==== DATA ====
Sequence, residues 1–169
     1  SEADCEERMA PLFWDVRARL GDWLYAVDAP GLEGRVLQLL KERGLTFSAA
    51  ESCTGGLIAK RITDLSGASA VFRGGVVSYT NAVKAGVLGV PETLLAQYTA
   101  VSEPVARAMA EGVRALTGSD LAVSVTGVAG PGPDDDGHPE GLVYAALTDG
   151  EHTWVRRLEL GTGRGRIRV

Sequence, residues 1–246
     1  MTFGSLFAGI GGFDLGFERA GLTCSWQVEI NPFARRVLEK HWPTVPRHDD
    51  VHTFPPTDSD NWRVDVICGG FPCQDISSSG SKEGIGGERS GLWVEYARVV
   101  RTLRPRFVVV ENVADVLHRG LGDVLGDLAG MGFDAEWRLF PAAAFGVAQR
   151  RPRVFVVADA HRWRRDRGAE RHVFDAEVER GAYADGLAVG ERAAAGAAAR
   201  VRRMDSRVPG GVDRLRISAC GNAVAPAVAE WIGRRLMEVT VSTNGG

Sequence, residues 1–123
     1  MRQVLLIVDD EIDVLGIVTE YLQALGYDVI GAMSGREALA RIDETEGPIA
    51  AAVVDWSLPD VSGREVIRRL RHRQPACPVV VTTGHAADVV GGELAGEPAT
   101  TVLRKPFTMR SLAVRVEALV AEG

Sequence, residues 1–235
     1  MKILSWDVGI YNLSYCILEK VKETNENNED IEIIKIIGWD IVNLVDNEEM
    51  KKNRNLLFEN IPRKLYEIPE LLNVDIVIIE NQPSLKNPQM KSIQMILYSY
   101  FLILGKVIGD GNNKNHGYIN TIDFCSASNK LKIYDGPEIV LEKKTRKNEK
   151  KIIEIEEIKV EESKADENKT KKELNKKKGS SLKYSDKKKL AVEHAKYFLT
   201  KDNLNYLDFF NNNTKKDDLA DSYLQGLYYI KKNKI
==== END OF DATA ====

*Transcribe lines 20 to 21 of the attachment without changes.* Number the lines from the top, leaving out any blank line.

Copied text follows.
   151  KIIEIEEIKV EESKADENKT KKELNKKKGS SLKYSDKKKL AVEHAKYFLT
   201  KDNLNYLDFF NNNTKKDDLA DSYLQGLYYI KKNKI